Marguerite Salazar, confirmed by the Senate in Denver Monday as state insurance commissioner, threw cold water on the state Republican outrage machine. During her confirmation hearing, she said the messages staffers for Democratic U.S. Sen. Mark Udall sent to her office pushing back on the number of Obamacare-related health insurance policy cancelations was routine communication and in fact bolstered the work of her staff. Udall is up for re-election and there are at least four Republican candidates now battling for the opportunity to unseat him.
“I characterize this as a heated discussion between two staff people that happens all the time,” she said.
Udall’s research helped her agency figure out what was going on in the state’s insurance market, she said.
“Those kind of inquiries make us stronger, I believe,” Salazar said.[/blockquote]
A first lesson in climate change: Poudre School District responds to new-normal boiling hot Augusts by proposing to run half-days during the first weeks of the school year.
Obamacare update: It seems to be on its way. The computers are working. The “back end” problem – getting the data to insurers — seems to be improving. The number of enrollees is way up. Except for this: Are the wrong people signing up? Are there enough young, healthy people to keep it sustainable. That’s the next argument.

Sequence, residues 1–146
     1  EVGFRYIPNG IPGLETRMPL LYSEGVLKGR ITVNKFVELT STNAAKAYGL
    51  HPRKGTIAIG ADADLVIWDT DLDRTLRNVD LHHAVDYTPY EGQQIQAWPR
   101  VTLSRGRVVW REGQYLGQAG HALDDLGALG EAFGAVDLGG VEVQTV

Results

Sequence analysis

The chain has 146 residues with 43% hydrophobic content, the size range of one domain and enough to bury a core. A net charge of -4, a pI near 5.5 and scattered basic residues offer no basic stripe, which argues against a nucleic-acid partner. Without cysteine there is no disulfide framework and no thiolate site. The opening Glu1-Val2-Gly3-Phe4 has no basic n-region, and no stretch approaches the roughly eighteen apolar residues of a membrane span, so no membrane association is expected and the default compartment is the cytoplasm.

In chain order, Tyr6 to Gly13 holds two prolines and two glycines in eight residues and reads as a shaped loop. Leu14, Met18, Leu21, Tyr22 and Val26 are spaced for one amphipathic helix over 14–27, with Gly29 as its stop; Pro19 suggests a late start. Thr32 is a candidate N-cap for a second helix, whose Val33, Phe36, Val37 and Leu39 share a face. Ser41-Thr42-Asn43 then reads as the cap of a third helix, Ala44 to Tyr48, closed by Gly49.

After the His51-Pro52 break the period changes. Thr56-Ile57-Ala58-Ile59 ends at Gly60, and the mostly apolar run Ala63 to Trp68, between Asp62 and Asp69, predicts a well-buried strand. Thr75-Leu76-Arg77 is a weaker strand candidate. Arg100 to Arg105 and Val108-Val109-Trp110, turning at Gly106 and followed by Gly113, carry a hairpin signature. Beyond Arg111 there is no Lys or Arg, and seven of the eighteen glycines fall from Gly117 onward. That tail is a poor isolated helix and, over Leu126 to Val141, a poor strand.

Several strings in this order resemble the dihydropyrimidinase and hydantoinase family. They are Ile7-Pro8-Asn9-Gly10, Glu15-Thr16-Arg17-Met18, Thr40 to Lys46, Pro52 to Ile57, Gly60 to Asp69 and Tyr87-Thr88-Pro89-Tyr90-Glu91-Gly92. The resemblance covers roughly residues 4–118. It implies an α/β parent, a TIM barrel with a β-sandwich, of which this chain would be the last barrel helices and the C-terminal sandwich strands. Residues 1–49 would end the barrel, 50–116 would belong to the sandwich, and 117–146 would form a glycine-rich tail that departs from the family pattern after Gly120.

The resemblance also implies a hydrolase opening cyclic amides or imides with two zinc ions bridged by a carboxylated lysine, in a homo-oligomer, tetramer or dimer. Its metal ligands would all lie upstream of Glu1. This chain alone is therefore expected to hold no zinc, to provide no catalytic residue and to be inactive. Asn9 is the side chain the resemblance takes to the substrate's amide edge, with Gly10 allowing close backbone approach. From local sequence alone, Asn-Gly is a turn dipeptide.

So far, older people have been more likely to sign up. Via New York Times.
Ana Marie Cox says the West Virginia spill is a bigger scandal than Bridgegate. Via the Guardian.
George Packer says of Christie: Politicians usually get the scandal they deserve. Via the New Yorker.
Note to Paul Ryan: It’s expensive to be poor. Via Barbara Ehrenreich at the Atlantic.
Roger Ailes’ critics need to stop worrying about him and worry more about his audience. Via the New Yorker.
Fey and Poehler’s smart (and funny) Golden Globes jokes. Via Washington Post.